The topic of allowance seems to be something that everyone feels differently about. Is there a right way to do it? How much allowance is enough? While the answer might be different for everyone, here are a few ideas to get you thinking.

My Allowance Story

Growing up, my parents would reward me 10 to 20 dollars weekly depending on which chores needed to be done. There was always a way to earn a little extra if I was willing to work hard. After school, I would spend my afternoons bagging leaves, washing dishes and picking up after the dog. My parents encouraged me to save up for the things I wanted. And more importantly, never spend all of my money in one place. Before I bought anything, my dad would say “sleep on it, you might change your mind.” 99 percent of the time he was right.



As a kid, having money is the best feeling in the world. It gives you a sense of control. And if you’re able to teach your kids how to use money wisely, it can set them up for success in their adult lives. Here are a few thoughts on how you can use allowance to teach, discipline and motivate your children to be responsible workers and spenders.

How Does Allowance Work?

There are three primary ways to set up a family allowance system. Some parents like to give their kids a weekly allowance, whether or not they do any chores. Others only give an allowance based on their kids doing certain chores. The third group uses a hybrid of the first two – they give an allowance, but their kids have the opportunity to work and earn more.

Each system has its merits, but it’s important that you can do two things with the allowance system. First, be consistent! Whichever system ensures you to remember to pay them an allowance (whether for working or just because) is the one you should choose. Using an app or spreadsheets can make the process a little easier to remember, too.

Second, make sure your kids have the opportunity to spend, make, and talk about money. Letting your kids have “real world” experience in a sheltered environment will empower them to make better decisions when they’re adults and have their own jobs.


How Can Your Child Earn Allowance?

  • Chores – They look different for every family. Setting standards on the difference between chores and everyday responsibilities is an important conversation to have with your kids. If keeping their rooms clean is something you feel they should be doing anyway, then make sure they know that. If yard work and kitchen clean up require more work, chores like these are a great place to start.
  • Behavior – Bad behavior can dramatically affect work ethic. If respect is something that is important to you, then teaching your child to fulfill their responsibilities with a positive attitude can be just as important as the responsibilities themselves. Taking behavior into account with allowance can encourage children to keep the right mindset no matter what they’re doing.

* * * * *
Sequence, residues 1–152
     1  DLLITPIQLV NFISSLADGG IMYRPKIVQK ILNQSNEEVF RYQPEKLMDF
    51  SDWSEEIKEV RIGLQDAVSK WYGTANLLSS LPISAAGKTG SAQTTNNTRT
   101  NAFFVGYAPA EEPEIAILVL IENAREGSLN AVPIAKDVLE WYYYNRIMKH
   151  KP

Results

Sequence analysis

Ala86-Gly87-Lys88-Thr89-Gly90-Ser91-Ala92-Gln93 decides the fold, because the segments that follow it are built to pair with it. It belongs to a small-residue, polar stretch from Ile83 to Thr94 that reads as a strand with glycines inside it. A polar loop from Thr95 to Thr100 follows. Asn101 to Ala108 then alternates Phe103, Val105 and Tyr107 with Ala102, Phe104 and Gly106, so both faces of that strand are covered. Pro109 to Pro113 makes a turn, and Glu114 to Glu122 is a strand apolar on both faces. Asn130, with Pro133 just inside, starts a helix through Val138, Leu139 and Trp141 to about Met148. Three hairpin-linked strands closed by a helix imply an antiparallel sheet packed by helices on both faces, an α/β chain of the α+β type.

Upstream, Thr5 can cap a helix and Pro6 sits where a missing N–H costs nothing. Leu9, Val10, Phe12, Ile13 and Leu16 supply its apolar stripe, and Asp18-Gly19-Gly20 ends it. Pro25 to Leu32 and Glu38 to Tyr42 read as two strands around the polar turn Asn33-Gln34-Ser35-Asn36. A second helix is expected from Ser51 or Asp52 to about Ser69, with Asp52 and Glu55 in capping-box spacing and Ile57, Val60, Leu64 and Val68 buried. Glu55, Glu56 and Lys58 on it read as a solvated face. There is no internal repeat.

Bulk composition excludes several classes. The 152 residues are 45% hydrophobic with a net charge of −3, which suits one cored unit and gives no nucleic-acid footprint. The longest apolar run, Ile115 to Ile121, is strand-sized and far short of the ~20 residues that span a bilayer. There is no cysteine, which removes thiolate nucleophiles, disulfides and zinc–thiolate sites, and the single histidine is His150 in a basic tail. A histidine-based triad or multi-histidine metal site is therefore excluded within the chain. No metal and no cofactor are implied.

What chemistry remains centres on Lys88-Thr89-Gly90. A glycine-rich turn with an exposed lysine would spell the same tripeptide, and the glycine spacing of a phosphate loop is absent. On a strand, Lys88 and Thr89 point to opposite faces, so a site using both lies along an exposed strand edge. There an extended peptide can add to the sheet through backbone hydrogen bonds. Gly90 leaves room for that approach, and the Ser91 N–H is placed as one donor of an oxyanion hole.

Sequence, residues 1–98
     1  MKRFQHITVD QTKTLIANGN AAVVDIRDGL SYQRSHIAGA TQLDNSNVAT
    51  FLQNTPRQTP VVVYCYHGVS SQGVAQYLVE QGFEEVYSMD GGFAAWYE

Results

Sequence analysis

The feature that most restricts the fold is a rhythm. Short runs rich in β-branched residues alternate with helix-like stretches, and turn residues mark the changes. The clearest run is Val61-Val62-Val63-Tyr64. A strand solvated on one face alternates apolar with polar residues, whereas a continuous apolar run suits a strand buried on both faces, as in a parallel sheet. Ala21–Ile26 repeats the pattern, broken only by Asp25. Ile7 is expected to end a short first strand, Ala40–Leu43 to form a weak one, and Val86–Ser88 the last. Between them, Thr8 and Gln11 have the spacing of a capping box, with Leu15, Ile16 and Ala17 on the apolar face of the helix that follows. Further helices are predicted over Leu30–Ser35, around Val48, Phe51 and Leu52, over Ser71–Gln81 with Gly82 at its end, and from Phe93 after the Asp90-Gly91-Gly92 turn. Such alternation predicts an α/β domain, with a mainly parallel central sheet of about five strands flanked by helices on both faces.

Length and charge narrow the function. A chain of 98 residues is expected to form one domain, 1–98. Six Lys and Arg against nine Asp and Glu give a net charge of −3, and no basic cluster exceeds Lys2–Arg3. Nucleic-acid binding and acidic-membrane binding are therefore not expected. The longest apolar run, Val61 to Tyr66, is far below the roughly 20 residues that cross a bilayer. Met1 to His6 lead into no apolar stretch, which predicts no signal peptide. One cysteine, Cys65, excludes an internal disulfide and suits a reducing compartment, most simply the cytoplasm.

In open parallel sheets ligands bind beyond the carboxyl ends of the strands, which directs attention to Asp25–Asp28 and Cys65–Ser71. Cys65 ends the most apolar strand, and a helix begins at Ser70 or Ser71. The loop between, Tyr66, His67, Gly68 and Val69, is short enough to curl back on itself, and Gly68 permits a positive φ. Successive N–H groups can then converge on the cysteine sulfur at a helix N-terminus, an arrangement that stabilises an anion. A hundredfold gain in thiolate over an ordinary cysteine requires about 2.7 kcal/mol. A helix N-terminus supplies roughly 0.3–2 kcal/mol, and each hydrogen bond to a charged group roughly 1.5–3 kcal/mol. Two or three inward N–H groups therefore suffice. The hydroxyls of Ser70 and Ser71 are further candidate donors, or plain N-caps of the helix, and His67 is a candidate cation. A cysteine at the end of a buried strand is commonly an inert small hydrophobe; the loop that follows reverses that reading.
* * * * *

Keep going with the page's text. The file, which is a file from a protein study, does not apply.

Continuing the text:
Allowance: How Much is Appropriate?

The amount of allowance given looks different for every family, too. Using their age is a good starting point. Many experts recommend $1 per year of age or grade level. So, if you have a 12-year-old in 6th grade, you could either pay $6 or $12.

Another approach is rewarding allowance for individual chores. If certain chores require more work, you can make exceptions to the rule. Kitchen clean up might not be worth as much as raking the yard, and teaching your children about the worth of different tasks can give them a better concept of the value of money. This system can work well, but remember to be consistent, and make sure you establish how much to pay them ahead of time.

Money Jars

Saving and Spending

When it comes to allowance, teaching your children about the importance of saving money is critical. While freely giving your kids the money they’ve earned might seem like a logical thing to do, the concept of allowance is useless if they don’t know how to spend it wisely. Putting systems in place that require mandatory saving and having clear conversations about why is a great standard to practice.

How Can You Help Your Child Save?

  • Money Jars – Separating allowance into different money jars can be a great visual for children as they learn about saving. Labeling them with titles like “fun money,” “giving“, “short-term savings” and “long-term savings” can teach kids how to enjoy the money they’ve earned, save for things they want and also save for unexpected expenses.
  • Interest – If your child has saved a decent amount of their allowance, then rewarding them on their saving can push them to save even more. For every $20, $50 or $100 saved, put an extra 5 percent of the total amount saved back into the jar and tell your children why you’re doing it. Saving money is a good thing!
  • Avoiding Impulse Buys – No matter how you choose to help your kids save money, it’s important to warn them against the power of impulse. Everyone, regardless of age, can fall into the trap of buying things too quickly. My dad often encouraged me to think about my purchases for a week before following through. And most of the time, I forgot I even wanted anything.
  • Let Your Kids Make Mistakes – Sometimes, even after a week, your kid might want to buy a piece of plastic junk, and that’s okay! They can then learn some really valuable lessons throughout the process. The junky toy prevents them from buying something they might want more, so next time, they might be more likely to save.

No matter how you choose to give your children allowance, clear communication about money and saving is critical. Work hard to ensure your children are driven to earn and take responsibility for their earnings. How do you like to give an allowance? Let us know in the comments and talk to other parents about it on FamilyApp!

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